Cellphone Bills: Your cellphone is a vital tool for communication and staying connected, so it's crucial to keep up with your monthly bills. By consistently paying your cellphone bills with your credit card, you may qualify for additional benefits, such as cellphone insurance coverage. However, it's essential to review the terms and conditions of any insurance coverage offered by your credit card provider, as there may be restrictions and limitations on coverage.

Using your credit card for non-discretionary expenses like bills, groceries, transportation, insurance premiums, and cell phone bills can be a smart financial move. Just be sure to use your credit card responsibly, pay your balance in full each month, and review the terms of any benefits or rewards offered by your card provider.


Frequently Asked Questions About Bad Credit Card Purchases

What is the most common problem experienced by credit card holders?

The most common problem experienced by credit card holders is overspending. It's easy to get carried away with credit cards and spend more than you can afford to pay back. This can lead to high credit card balances, interest charges, and even debt if not managed responsibly.

What are some bad reasons for using your credit card to make a purchase?

Using your credit card to make impulse purchases, buying items you don't really need, or using it as a way to fund a lifestyle beyond your means are all bad reasons for using your credit card. It's important to use credit cards responsibly and only for purchases that you can afford to pay off in full each month.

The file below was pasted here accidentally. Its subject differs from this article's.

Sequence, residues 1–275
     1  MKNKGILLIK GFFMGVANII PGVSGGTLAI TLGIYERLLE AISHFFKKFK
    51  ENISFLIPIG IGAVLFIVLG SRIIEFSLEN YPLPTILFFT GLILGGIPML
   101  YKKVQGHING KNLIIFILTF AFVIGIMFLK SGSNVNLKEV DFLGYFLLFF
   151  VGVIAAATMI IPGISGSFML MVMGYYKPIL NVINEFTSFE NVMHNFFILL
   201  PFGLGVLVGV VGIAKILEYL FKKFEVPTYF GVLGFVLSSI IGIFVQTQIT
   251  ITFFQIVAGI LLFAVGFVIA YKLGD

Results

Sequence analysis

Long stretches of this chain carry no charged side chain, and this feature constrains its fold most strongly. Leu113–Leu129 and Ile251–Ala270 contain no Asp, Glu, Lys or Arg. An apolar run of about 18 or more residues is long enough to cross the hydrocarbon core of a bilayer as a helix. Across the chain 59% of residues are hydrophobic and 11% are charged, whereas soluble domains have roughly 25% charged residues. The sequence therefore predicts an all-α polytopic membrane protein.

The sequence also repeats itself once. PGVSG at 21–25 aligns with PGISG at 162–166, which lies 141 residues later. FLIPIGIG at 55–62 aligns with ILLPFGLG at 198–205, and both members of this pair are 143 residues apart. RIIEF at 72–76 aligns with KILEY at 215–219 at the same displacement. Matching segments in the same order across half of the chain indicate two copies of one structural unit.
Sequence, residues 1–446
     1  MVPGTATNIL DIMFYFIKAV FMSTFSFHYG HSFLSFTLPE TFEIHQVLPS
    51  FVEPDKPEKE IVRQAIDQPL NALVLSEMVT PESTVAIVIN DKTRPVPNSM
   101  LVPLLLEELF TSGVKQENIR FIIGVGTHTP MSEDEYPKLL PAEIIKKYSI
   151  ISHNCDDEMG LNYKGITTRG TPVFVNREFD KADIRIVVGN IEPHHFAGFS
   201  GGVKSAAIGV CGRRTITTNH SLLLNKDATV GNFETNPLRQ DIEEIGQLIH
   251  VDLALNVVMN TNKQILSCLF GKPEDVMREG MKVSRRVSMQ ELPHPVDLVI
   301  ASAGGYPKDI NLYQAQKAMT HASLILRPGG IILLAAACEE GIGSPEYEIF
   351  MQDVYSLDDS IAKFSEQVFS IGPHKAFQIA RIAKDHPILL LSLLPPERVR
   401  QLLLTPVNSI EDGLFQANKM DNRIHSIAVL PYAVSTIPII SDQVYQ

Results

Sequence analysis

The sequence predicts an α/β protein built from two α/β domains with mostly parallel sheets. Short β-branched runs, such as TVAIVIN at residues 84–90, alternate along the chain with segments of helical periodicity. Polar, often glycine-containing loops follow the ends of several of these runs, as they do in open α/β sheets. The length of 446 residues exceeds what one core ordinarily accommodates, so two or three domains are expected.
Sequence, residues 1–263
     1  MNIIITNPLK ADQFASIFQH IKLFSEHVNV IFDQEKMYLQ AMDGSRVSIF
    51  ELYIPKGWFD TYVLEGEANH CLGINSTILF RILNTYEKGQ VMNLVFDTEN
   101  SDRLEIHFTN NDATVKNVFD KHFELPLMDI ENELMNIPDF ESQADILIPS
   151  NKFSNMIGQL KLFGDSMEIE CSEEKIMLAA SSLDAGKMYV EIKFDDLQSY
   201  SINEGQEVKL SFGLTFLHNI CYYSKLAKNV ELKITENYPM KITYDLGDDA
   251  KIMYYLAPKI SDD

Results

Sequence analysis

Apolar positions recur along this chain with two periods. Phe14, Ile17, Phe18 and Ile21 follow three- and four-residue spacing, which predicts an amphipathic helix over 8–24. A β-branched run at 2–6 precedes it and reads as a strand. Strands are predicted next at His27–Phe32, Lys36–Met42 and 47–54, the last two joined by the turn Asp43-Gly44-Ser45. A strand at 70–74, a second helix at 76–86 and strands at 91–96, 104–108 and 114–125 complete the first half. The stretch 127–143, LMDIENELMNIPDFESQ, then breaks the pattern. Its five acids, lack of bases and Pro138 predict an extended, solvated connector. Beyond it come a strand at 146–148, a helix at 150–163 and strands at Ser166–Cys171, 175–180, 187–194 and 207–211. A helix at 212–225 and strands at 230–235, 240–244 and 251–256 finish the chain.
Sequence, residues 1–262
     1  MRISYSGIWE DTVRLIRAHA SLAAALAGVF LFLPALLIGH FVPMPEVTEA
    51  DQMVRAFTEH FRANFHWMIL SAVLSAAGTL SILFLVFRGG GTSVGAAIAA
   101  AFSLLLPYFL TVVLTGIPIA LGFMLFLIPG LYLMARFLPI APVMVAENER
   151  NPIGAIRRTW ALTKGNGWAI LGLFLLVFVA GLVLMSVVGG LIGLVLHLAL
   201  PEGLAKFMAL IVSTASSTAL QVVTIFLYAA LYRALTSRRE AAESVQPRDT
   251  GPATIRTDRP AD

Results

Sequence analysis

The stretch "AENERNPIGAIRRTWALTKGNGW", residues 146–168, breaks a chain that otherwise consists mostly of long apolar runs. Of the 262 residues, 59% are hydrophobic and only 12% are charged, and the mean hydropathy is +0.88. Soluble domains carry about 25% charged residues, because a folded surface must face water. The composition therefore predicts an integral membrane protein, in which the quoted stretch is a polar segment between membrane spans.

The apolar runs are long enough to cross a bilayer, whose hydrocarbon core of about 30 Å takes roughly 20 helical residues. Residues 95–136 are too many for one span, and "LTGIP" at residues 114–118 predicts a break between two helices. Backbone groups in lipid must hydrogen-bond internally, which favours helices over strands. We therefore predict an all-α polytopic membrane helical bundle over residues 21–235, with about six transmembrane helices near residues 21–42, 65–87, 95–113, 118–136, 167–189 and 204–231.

What questions do they ask for a credit card?

When applying for a credit card, you can expect to be asked about your income, employment status, and personal information such as your address and Social Security number. The credit card issuer may also inquire about your credit history and financial obligations to assess your creditworthiness.

What are some of the dangers or abuses that occur when using credit cards?

Some of the dangers or abuses that can occur when using credit cards include overspending and accumulating high-interest debt, falling victim to fraud or identity theft, and damaging your credit score through late payments or defaulting on payments. It's essential to use credit cards responsibly and be aware of the risks involved to avoid financial pitfalls.



So there you have it, folks - our list of the top 10 worst credit card purchases that will leave you swimming in debt.

Understanding the pitfalls of bad credit card purchases is crucial for maintaining financial health and stability. By avoiding impulse buys, high-interest debt, and excessive spending, you can keep your credit card debt in check and build a solid financial foundation for the future.

Remember, credit cards should be used as a tool to enhance your financial well-being, not as a means to fund a lifestyle beyond your means. By using credit cards responsibly and making smart purchasing decisions, you can take full advantage of the benefits they offer while avoiding the costly consequences of poor financial choices.

At ASAP Credit Repair, we understand the challenges of managing credit card debt and are here to help. Our team of experts can work with you to develop a personalized credit repair plan tailored to your unique financial situation. Whether you're struggling with credit card debt or looking to improve your credit score, we're here to provide the support and guidance you need to achieve your financial goals.

Take control of your financial future today with ASAP Credit Repair. Contact us now to learn more about our credit repair services and how we can help you achieve financial freedom.